n The terminal’s large front atrium could offer space for corporate displays. The plan suggested a landscape business such as Appalachian Land Design could provide flowers, trees and even a small waterfall at the bottom of a staircase.

Diane Halstead, UTC’s Mary Harris distinguished professor of entreneurship, said the work permitted students to practice what they’ve learned in the classroom.

“They looked specifically at advertising that the airport could offer,” she said.

Andrea Bart, a senior marketing major, cited the potential use of dual monitor TV displays in the baggage claim area.

Two flat screen, 42-inch televisions placed back to back could offer Chattanooga businesses an opportunity to advertise in 15- or 30-second clips and maximize airport revenue.

The plan suggested selling advertising time on the airport’s intercom system, which now just plays music.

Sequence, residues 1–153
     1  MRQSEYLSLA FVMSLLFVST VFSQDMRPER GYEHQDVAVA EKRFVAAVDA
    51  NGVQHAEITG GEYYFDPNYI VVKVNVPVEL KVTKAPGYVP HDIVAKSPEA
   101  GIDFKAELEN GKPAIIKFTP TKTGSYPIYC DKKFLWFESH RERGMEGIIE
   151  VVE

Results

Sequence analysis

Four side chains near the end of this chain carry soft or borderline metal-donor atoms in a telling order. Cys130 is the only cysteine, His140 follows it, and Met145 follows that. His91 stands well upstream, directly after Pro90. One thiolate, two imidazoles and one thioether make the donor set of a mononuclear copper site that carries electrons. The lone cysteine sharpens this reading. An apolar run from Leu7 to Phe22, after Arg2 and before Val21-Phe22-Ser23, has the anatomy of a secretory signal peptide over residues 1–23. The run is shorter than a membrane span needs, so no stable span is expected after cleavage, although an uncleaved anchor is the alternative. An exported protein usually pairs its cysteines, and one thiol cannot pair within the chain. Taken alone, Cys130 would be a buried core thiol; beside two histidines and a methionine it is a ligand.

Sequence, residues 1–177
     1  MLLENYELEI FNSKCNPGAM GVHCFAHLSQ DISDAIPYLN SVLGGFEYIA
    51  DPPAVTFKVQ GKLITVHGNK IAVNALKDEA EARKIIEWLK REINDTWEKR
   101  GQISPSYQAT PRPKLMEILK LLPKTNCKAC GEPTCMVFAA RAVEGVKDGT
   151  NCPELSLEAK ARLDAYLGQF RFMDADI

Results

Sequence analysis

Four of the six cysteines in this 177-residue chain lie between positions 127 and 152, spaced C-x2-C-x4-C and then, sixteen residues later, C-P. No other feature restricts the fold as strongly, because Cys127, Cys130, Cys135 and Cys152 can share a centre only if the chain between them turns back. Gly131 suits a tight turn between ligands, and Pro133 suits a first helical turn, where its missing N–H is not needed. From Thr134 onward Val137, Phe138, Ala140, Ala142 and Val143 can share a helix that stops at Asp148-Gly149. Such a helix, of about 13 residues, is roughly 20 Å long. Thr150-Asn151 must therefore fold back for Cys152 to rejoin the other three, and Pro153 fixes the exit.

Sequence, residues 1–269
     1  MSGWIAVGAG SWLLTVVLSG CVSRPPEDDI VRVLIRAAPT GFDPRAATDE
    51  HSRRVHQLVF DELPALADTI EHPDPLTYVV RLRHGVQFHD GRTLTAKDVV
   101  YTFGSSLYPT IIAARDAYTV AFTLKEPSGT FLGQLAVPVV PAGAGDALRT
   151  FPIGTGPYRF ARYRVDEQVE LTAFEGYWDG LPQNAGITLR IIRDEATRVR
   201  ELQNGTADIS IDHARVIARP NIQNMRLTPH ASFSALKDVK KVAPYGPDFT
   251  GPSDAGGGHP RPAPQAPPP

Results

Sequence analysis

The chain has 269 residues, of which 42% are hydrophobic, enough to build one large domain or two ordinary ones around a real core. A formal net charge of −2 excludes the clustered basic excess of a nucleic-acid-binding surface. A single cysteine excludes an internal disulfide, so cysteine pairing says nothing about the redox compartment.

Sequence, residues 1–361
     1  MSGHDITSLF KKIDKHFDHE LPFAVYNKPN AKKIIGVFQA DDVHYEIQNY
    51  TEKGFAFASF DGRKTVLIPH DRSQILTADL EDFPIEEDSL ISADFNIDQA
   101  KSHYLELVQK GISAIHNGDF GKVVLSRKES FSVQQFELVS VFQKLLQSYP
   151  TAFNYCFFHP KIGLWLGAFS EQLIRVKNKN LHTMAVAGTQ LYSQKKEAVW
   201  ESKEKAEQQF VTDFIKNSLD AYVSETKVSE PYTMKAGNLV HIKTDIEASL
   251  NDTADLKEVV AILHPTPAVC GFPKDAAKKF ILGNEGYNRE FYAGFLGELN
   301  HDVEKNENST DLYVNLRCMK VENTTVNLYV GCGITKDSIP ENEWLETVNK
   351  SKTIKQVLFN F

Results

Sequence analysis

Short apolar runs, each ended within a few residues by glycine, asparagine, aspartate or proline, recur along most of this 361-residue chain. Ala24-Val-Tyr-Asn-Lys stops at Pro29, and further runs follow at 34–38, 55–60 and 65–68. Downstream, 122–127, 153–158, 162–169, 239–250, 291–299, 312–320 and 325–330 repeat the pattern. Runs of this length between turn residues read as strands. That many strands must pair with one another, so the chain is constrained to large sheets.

Also, the plan mentioned selling ad space on the airport’s Web site and in its restrooms.

Additionally, when more airport capital is available, interactive 3-D wall displays could work, the plan said, along with touch screen welcome centers and kiosks.

about Mike Pare...

Mike Pare, the deputy Business editor at the Chattanooga Times Free Press, has worked at the paper for 27 years. In addition to editing, Mike also writes Business stories and covers Volkswagen, economic development and manufacturing in Chattanooga and the surrounding area. In the past he also has covered higher education. Mike, a native of Fort Lauderdale, Fla., received a bachelor’s degree in communications from Florida Atlantic University. he worked at the Rome News-Tribune before ...

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KWVeteran said...

Commercialization of this sort is a slippery slope. Perceived intially as a revenue enhancement, commercial naming of public entities can lead to potential embarrassment of the city involved (aka, Nashville and its football stadium). Increased revenue is a short lived happiness that is quickly used and forgotten as it is absorbed into everyday expenses of living. Did the last tax increase by a government ever satiate the powers that are? No, renaming the airport for the reasons visualized in the article is the wrong thing to do.

April 26, 2009 at 9:25 a.m.
commentary said...

KWVeteran - firstly, than you for your service to our country.